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How to clean soot from brick and carpet

Don’t let soot get under your nose at home – follow our steps to clean it from walls and floors.


By Cleanipedia Team

How to clean soot from brick : fireplace with a blanket and mugs

Key steps

When it’s time to clean soot off bricks, walls or carpets, remember these steps:

  1. Test your method on a small area first to prevent damage.
  2. Start by cleaning the floor – then cover it when you clean the walls and bricks.
  3. Brush away loose soot first.
  4. Blot remaining soot stains with baking soda and water or white vinegar. Don’t rub.
  5. Rinse the area by dabbing with clean water when done.
  6. Leave to dry completely.

There’s not much that’s cosier than an evening in front of the fire with the people we love. Only one problem: fires produce soot, and soot gets everywhere. If soot on the floor is driving you up the wall (which is also covered in soot) then try these tips on how to remove soot from carpet, wall or brick. Whilst you're cleaning up soot, why don't you find out how to clean cast iron fireplaces and how to clean the hearth around your fire to keep the whole area spick and span.

Whether you’re trying to clean soot off brick, wall, or carpet, brush off as much dry soot as possible before attempting any wet cleaning methods. Dry soot is much easier to remove than wet soot!

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How to get soot out of carpet

First, let’s tackle the floors:

  1. Clear loose soot with a vacuum cleaner. Be careful: it’s easy to spread the soot around.
  2. Sprinkle the remaining soot stain with dry baking soda or talcum powder.
  3. Leave it for at least 1 hour, then carefully vacuum that up as well. The powder should absorb some of the soot.
  4. Now to deal with the remaining stain. Take a clean white cloth and use it to blot the stain with rubbing alcohol or cold water mixed with a small amount of washing-up liquid. Wear gloves, keep the room ventilated, and test on a small area first.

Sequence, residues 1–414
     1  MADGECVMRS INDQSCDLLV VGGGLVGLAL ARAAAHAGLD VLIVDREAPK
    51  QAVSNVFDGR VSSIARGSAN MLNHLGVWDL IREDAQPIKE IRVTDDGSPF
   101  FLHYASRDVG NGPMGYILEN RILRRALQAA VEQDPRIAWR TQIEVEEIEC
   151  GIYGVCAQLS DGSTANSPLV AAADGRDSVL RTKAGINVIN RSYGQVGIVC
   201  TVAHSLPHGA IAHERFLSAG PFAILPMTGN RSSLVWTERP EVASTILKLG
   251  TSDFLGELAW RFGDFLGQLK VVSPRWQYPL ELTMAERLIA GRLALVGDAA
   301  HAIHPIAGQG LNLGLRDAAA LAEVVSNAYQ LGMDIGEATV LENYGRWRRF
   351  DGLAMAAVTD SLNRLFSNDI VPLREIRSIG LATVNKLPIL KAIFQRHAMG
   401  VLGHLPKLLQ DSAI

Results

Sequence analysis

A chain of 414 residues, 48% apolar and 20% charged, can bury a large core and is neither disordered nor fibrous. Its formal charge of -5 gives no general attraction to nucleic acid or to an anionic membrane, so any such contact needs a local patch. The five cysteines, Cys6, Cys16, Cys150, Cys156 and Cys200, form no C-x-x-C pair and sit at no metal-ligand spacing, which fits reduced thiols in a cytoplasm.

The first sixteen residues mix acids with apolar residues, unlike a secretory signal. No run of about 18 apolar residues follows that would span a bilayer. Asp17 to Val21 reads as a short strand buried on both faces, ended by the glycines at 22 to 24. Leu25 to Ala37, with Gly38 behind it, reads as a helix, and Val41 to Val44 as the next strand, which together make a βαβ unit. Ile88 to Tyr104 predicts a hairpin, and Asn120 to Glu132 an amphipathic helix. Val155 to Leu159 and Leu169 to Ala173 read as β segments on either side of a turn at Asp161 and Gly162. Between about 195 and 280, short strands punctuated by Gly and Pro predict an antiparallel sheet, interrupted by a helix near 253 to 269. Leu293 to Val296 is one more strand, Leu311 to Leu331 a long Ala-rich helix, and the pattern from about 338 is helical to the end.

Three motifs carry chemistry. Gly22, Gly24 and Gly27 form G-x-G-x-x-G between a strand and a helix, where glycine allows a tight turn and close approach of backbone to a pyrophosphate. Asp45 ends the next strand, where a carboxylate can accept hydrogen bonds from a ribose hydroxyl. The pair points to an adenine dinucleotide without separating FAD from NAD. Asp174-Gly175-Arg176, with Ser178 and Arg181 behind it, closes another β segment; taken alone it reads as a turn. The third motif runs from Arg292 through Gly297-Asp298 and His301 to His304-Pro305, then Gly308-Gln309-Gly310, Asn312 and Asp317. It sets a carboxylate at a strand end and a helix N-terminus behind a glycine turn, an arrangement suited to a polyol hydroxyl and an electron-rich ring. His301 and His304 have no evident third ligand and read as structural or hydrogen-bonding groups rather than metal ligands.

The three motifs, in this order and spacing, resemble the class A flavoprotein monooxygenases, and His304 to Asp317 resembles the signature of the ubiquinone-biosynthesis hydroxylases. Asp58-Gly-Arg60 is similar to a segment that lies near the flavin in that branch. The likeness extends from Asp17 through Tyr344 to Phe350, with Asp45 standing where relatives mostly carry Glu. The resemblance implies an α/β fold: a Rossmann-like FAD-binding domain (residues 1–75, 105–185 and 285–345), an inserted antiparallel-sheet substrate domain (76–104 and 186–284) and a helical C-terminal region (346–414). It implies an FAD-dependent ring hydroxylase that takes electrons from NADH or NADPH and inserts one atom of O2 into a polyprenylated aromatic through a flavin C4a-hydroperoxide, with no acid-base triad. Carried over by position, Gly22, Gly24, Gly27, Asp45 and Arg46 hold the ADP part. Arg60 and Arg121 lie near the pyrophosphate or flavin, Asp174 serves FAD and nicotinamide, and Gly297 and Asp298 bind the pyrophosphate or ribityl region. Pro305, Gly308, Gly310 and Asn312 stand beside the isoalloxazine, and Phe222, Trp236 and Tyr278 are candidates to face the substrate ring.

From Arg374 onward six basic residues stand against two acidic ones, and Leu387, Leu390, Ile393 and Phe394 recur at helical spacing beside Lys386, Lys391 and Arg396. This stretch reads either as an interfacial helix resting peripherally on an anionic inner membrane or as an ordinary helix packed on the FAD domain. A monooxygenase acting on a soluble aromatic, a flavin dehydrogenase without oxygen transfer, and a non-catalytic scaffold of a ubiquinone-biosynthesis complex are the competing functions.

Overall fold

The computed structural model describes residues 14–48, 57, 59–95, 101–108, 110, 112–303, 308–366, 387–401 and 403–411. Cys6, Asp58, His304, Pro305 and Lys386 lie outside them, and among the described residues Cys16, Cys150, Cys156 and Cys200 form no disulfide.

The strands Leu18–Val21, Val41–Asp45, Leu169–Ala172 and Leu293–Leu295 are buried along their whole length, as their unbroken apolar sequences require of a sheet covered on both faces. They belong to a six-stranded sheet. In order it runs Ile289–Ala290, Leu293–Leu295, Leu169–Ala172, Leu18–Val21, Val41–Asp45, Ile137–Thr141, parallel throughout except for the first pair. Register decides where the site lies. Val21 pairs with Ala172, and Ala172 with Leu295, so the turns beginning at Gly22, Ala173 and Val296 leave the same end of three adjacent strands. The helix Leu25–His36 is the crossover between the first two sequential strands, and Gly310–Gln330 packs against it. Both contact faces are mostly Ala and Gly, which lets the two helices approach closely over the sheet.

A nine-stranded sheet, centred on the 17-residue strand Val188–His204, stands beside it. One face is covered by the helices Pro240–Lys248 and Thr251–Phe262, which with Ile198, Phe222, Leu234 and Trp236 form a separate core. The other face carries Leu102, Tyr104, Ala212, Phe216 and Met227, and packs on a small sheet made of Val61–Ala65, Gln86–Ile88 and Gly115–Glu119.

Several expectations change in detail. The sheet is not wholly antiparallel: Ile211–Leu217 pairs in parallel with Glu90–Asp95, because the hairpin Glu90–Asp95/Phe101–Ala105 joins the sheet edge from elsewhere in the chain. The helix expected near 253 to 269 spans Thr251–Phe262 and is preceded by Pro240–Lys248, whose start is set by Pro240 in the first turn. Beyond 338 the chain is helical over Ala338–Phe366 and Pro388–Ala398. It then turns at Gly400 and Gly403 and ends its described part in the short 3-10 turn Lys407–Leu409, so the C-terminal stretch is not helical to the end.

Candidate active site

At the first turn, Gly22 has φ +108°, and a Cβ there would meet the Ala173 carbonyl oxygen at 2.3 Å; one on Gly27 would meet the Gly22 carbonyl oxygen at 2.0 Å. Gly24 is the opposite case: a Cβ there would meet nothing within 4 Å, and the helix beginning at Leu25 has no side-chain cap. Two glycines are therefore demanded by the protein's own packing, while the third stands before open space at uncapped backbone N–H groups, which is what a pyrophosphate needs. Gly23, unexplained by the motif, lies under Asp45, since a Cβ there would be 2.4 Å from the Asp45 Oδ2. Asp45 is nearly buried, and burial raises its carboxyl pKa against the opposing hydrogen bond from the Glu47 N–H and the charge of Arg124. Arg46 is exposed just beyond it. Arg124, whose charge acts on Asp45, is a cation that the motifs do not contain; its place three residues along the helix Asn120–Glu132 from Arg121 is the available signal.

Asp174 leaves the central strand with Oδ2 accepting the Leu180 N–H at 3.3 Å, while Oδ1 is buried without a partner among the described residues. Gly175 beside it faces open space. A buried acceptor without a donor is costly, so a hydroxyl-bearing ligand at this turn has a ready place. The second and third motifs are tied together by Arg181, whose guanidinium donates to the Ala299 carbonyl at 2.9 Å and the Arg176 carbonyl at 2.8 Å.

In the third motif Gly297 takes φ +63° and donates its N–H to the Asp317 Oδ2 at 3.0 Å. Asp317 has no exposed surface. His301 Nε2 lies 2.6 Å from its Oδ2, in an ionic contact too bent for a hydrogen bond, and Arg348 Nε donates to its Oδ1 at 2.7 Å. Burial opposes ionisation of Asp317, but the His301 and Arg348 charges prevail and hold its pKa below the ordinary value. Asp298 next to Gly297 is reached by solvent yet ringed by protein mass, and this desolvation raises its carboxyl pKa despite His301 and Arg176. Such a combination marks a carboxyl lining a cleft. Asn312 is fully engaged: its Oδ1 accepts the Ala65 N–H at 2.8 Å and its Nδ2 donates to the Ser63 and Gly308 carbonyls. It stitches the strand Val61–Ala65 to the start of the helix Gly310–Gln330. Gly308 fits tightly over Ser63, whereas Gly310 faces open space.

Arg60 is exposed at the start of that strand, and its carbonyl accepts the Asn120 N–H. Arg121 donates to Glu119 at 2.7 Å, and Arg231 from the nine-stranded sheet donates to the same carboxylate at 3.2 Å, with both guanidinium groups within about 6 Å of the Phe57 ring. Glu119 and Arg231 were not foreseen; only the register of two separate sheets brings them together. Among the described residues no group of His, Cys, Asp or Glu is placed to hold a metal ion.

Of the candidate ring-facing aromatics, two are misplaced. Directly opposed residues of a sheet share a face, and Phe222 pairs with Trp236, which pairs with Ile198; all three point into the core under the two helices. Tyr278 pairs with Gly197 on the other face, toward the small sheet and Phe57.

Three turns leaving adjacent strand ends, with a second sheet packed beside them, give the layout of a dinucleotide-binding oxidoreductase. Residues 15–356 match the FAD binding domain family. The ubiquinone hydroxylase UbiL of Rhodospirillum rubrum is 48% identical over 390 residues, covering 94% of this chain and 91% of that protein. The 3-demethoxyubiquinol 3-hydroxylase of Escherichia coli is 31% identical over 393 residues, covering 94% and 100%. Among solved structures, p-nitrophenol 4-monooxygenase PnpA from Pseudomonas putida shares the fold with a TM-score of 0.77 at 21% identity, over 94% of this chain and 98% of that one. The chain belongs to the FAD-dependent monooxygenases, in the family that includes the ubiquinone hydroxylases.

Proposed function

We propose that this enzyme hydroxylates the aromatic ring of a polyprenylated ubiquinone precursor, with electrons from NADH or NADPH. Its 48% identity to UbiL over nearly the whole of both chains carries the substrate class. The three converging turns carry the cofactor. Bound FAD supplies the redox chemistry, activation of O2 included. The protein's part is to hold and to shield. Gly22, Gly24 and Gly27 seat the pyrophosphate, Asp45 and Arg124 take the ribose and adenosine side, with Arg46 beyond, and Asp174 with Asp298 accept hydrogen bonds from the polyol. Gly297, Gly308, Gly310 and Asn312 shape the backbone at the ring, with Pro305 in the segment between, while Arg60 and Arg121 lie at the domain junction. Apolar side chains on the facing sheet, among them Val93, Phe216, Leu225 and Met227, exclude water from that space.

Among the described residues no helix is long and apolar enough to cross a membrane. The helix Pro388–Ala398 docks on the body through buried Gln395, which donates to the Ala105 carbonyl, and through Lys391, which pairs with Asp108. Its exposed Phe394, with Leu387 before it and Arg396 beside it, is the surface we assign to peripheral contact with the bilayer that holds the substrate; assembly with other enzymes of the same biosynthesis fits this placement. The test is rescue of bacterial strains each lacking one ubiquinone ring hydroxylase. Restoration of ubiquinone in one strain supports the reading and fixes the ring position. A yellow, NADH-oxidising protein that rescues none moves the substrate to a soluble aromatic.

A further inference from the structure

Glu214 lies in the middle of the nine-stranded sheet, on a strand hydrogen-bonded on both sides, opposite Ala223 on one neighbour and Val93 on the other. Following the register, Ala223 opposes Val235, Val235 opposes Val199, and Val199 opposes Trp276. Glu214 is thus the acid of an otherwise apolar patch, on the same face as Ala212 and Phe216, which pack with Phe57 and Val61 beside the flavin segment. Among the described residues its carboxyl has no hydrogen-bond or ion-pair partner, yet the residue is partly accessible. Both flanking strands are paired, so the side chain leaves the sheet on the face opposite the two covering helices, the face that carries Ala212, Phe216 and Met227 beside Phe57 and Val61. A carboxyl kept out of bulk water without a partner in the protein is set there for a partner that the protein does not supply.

5. Keep blotting until the stain is gone. Change the cloth occasionally if necessary.
  6. Rinse the area by spraying or sponging it with clean water.
  7. Dry with kitchen roll or a towel.

How to get soot off walls

Now, move up onto the walls:

  1. The same process from above can be used to learn how to remove soot from walls – just with a few small adjustments.
  2. Cover up any carpet or flooring beneath the wall before you begin or you may end up having to follow our steps for how to remove soot from carpet all over again.
  3. Dab the wall repeatedly with a dry sponge to remove as much soot as possible before introducing any liquid solutions.
  4. Instead of using loose baking soda, turn it into a paste by mixing with a little water. It won’t stick to the wall otherwise.

How to remove soot from brick

Finally, let’s learn how to clean soot off brick – a material that commonly surrounds fireplaces. There are two methods you can try:

1: How to clean soot off brick with baking soda and water

  1. Cover the floor below the brick.
  2. Vacuum up as much loose soot as you can.
  3. Scrub the bricks with hot water and a scrubbing brush.
  4. Dip a cloth into hot water and then into baking soda.
  5. Rub the damp baking soda onto your sooty bricks.
  6. Leave for 10-15 minutes
  7. Dip your brush in clean water and scrub again.
  8. Repeat as necessary until all the soot is removed.
  9. Dry the brickwork thoroughly with a clean cloth.

2. How to remove soot from brick using white vinegar

  1. Cover the floor below the brick.
  2. Vacuum up as much loose soot as you can.
  3. Apply white vinegar to the brick using a cloth or spray bottle.
  4. Use a handheld scrubbing brush to clean the brickwork.
  5. Rinse by scrubbing or sponging the area with clean water. Vinegar can damage the brickwork if not washed off.
  6. Repeat as necessary until all the soot is removed.
  7. Again, use a clean cloth to dry the bricks thoroughly when finished.

As bricks can vary hugely in condition, it’s important to test your chosen cleaning method on a small area first. Old brickwork might be damaged by methods that could be used safely on newer bricks. 

Originally published